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Geological timeline leads the way to new BGS office

Visitors to the new British Geological Survey office in Keyworth, Nottinghamshire will be able to take a quick walk through geological history on the way, following the official opening today by UK government chief scientist Sir John Beddington.

The BGS has lined the 130m walkway to its new James Hutton Building with rocks and paving stones to represent the 3bn years of the UK’s geological succession. The Geological Walkway is laid out to represent the different geological time periods, with 40 different types of rock used.

According to the BGS, every step of the way tells a different story starting from a period before life began through to the last great ice age, along the way encountering forbidding deserts, tropical seas and a land stalked by dinosaurs.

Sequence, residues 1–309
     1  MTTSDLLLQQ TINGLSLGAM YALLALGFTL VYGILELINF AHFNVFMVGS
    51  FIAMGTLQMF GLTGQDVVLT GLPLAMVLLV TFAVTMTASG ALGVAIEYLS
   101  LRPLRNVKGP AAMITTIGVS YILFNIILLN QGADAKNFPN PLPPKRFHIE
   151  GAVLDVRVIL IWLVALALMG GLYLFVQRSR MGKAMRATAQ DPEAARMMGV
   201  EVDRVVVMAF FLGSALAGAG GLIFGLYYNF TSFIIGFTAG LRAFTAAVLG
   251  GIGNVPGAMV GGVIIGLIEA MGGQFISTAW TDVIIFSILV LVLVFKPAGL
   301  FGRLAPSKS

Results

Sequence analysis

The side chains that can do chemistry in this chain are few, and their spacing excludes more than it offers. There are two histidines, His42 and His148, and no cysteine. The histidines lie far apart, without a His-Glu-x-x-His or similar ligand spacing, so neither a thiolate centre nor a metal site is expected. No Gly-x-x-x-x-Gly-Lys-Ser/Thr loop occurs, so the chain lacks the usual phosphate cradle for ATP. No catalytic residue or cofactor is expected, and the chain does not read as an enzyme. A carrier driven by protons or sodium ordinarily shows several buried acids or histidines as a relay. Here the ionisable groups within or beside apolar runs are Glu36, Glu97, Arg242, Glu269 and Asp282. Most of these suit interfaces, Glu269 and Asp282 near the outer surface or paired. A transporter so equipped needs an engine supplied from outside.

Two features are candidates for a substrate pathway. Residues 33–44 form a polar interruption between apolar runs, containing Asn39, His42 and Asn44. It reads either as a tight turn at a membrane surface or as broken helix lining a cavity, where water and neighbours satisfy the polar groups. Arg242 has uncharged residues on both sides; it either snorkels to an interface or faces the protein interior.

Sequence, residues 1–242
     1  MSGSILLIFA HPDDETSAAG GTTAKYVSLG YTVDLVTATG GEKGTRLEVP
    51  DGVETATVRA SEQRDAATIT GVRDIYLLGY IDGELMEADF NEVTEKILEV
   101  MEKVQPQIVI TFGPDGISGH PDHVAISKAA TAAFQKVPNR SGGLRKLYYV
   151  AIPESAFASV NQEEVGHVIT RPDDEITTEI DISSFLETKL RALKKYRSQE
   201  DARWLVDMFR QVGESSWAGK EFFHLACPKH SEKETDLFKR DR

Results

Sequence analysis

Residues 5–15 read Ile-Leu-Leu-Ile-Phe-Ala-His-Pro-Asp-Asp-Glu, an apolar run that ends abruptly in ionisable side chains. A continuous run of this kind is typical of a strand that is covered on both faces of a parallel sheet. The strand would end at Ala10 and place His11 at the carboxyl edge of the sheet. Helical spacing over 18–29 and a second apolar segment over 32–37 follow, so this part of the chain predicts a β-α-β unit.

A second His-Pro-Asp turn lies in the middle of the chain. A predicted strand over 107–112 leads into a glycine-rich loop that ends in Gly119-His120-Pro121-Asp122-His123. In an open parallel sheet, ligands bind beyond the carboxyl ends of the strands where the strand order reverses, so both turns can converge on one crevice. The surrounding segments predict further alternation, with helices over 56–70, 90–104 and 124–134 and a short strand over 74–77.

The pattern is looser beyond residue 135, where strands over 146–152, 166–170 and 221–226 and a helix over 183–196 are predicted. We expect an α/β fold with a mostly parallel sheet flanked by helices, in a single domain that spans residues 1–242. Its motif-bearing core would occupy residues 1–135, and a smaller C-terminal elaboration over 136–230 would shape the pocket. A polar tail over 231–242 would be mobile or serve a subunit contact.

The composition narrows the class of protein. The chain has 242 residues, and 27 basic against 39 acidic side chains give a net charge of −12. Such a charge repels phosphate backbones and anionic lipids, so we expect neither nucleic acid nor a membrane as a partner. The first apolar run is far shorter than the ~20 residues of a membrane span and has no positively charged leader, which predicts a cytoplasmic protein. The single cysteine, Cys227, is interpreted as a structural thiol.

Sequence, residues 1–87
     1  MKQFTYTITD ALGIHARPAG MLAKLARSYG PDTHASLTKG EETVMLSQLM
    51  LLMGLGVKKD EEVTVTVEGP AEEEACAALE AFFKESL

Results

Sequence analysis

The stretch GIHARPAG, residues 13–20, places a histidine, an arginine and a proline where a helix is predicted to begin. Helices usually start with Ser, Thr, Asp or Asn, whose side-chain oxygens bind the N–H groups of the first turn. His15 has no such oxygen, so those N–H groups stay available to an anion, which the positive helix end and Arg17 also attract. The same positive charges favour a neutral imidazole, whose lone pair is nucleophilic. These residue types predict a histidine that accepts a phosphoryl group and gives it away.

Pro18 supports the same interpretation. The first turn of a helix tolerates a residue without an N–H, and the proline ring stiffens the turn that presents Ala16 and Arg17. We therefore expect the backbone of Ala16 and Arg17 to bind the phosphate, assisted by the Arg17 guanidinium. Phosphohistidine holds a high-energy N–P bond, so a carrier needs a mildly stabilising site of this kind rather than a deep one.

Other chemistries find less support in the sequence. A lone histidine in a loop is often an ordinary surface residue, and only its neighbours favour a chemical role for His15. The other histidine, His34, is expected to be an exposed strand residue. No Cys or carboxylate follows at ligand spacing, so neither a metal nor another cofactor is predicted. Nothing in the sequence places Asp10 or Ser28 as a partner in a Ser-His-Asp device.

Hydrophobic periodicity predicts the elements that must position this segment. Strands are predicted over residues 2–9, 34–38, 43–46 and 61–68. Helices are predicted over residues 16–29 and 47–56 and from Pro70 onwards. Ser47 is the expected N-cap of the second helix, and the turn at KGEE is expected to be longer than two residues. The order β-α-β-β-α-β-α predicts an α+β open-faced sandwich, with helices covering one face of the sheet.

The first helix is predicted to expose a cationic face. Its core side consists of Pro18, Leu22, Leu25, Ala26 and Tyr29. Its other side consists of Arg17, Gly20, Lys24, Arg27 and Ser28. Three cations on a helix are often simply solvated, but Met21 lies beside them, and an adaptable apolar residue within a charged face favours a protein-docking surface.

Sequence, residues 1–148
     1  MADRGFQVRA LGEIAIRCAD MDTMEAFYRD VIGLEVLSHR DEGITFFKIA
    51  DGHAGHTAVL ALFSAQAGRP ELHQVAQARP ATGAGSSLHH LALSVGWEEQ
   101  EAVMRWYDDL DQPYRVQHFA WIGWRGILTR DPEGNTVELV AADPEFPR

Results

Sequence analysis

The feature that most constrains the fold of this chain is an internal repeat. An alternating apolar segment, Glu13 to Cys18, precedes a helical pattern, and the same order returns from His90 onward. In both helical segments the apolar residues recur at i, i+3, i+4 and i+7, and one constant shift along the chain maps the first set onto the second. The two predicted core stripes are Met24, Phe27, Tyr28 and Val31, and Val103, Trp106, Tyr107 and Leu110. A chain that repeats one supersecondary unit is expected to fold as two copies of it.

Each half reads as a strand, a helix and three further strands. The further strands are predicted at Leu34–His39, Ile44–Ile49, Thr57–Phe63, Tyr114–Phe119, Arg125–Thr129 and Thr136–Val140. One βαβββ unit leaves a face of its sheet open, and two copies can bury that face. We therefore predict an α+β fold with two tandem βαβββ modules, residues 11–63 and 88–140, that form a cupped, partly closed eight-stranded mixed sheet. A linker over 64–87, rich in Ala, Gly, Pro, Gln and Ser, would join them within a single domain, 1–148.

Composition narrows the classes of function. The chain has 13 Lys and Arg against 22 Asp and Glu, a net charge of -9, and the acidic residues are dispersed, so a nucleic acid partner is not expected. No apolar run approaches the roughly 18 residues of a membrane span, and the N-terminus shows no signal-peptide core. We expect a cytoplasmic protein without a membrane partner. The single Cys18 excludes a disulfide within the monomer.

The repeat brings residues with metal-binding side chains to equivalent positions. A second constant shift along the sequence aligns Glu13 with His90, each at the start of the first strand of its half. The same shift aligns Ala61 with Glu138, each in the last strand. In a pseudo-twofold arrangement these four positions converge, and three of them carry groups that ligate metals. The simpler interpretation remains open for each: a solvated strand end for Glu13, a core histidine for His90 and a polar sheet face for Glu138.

Large boulders of archetypal rocks are scattered throughout the walkway from a 3bn year old, 15t boulder of Lewisian Gneiss from the Outer Hebrides. Smartphone users can use QR Codes to help identify the rocks as they take a stroll back to the future.

The new building is located at 3bn years on the timeline with a representation of the unconformity at Siccar Point, which gave James Hutton the proof that the ‘present is the key to the past’ and that our geological past can be explained with reference to present day processes.

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